Friday, January 13, 2012
New Boots—Watch Your Step
I have new boots. I've never been one to care about boots and have only kept a dusty pair in the closet for those few days a year when I would shovel deep snow from the driveway. But now that I have a dog, I think I might be trudging through snow and sludge much more often than in previous years—so, boots. I like them. In fact, I put them on today just to break them in a little, even though I probably won't be going out until the current snowfall subsides. Baxter seems content to romp around on the patio on his own, so I'll stay warm and dry for as long as I can today.
But when I put on my new boots this morning, a terrible image flashed through my mind, one that might keep me from wearing them inside for much longer, or at least keep me from wearing them while walking downstairs. I have a bad association with boots and stairs, you see.
When I was in fifth grade, I lived in a neighborhood filled with kids, and we would invent games to play, like jump rope in the street or hide-and-seek in all the yards at night and war. We would pick someone's basement, one that was marginally finished, and we would pretend to hunt each other down like the allies versus the axis, the Yanks versus the Nazis. There weren't any rules, really, you just used your imagination, stalked behind couches and furnaces, looking for the enemy and acting out a shooting right through the dirty Kraut's pointy helmet.
One winter day as our school bus approached our stop, Linda from next door asked if I wanted to go to her house and play war. So, I climbed off the bus, ran home to drop off my books, and I put on my boots. Wearing boots would be more effective in the game, I thought, as if my snowboots even remotely resembled army boots from 1942. I went across the street to Linda's house, and she had a snack ready. We would be eating orange Jello during the skirmish, so I took my bowl of Jello and headed for the basement. Linda went down the steep carpeted steps first, and then I followed, not holding on to any rail because of the Jello.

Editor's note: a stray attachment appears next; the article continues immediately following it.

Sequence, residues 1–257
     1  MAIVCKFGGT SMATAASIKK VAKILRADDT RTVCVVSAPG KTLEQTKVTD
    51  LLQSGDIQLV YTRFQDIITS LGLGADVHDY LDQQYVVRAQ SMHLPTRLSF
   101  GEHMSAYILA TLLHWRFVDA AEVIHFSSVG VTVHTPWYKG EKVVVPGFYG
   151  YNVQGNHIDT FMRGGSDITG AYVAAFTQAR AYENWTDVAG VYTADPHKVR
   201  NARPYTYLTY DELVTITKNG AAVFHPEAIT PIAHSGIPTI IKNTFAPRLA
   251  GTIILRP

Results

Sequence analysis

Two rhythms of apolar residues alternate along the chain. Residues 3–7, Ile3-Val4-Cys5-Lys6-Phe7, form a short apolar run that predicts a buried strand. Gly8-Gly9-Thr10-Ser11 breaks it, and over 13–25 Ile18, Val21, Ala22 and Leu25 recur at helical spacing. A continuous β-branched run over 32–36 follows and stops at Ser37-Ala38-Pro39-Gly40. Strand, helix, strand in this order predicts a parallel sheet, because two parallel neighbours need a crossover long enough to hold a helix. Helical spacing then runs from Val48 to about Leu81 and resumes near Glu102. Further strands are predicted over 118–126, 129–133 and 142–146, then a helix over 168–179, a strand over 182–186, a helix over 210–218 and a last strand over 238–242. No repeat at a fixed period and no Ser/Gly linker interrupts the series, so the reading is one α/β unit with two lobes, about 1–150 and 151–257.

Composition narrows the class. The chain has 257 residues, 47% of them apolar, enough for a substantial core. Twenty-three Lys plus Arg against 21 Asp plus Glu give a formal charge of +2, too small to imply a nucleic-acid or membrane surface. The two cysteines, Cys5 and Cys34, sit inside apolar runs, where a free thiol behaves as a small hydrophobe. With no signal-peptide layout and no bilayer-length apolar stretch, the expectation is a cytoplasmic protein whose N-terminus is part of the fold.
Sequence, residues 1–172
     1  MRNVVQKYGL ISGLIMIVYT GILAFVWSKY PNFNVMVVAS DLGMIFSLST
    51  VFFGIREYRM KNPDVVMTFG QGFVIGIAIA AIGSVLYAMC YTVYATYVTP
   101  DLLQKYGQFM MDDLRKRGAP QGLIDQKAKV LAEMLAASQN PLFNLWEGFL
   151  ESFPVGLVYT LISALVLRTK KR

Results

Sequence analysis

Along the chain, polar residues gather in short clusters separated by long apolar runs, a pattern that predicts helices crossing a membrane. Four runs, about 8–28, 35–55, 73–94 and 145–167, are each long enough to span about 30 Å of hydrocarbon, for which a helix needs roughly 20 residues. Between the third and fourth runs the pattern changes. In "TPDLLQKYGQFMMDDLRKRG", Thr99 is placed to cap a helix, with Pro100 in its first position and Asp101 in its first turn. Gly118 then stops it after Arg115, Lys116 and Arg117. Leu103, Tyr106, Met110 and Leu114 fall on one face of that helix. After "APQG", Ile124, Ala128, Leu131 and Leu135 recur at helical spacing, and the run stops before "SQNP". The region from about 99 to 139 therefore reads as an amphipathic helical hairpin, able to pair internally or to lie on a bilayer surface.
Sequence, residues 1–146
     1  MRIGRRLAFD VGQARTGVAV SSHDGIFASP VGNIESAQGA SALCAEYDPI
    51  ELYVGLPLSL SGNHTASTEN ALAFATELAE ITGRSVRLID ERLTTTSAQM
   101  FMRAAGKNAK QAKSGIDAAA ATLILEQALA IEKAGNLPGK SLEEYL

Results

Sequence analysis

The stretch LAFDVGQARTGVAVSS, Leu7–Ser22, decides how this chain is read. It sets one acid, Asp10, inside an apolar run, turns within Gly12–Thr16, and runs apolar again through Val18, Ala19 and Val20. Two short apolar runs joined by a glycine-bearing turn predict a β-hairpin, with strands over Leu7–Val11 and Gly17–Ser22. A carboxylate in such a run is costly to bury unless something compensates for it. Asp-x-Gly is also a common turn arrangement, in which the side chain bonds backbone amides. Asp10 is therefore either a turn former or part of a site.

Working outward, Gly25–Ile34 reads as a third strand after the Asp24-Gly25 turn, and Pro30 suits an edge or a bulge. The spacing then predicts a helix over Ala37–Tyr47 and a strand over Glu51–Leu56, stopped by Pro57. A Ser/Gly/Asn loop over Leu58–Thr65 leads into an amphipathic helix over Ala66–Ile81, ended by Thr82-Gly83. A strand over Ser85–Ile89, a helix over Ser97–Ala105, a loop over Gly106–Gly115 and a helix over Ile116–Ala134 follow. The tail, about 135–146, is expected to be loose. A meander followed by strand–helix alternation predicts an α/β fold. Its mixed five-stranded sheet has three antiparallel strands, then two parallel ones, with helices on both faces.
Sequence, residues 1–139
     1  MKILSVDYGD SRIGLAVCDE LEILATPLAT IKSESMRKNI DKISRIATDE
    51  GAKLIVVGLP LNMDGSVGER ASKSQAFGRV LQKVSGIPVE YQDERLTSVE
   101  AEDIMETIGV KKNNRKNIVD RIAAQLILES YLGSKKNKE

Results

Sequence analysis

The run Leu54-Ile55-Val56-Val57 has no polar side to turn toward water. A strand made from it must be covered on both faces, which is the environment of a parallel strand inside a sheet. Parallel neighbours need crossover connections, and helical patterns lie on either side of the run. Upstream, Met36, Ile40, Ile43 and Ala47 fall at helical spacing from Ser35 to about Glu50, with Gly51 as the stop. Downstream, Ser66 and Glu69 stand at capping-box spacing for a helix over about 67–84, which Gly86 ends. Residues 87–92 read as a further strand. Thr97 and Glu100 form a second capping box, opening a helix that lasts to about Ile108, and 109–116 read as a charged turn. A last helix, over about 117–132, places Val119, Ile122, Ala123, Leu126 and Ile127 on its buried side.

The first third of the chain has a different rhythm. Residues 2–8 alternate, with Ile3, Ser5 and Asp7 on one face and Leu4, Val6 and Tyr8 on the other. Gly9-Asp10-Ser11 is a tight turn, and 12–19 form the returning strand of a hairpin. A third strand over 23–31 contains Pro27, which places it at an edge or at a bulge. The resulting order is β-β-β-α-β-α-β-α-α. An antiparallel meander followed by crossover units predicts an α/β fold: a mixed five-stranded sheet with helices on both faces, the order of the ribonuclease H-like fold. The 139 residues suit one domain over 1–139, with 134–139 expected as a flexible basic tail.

One of my clunky boots caught on the carpet, and I fell head over heal toward the bottom with nothing to stop me. I dropped the Jello on my way down, bounced on a few steps, tried to stop myself with my right hand and then slammed my skull on the cement floor at the bottom. It all happened very quickly, but it felt as if I were tumbling in slow motion, seeing every step and feeling every painful landing.
When I hit the floor, I screamed and grabbed my arm, although I was sure I must have had a concussion, I hit my head so hard. Linda screamed, too, and immediately ran and got ice to put on my arm. Both of our mothers were at work, so she called the next-door mother who was off that day, and Mrs. Quigley came running. She also called my mother at work, and Mama got there as quick as she could.
The ladies got me to the car, and my mother rushed me to the doctor's office. No one bothered with my head, but it was clear I had broken my arm pretty badly. In trying to stop my fall, I jammed my arm bone into my hand, breaking something in the wrist and possibly stunting growth in my arm. and the pain was more than I can say. I was sent to the hospital for an x-ray and then given a cast and a sling.
My mother made most of my clothes then, so she used scraps from my school dresses to make matching slings, and I had one for every day of the week. I did all of my homework writing with my left hand, which earned points with my teacher, Mr. Shumway, and I never missed a beat.
After six weeks, the cast came off, and my arm went on to grow normally with no permanent damage, but boots and stairs still give me the shivers. With my level of grace and poise, I think it best I save my new boots for snow shoveling and dog walking outside, and I definitely should not carry a bowl of orange Jello when I should be holding onto the rails.
at 12:54 PM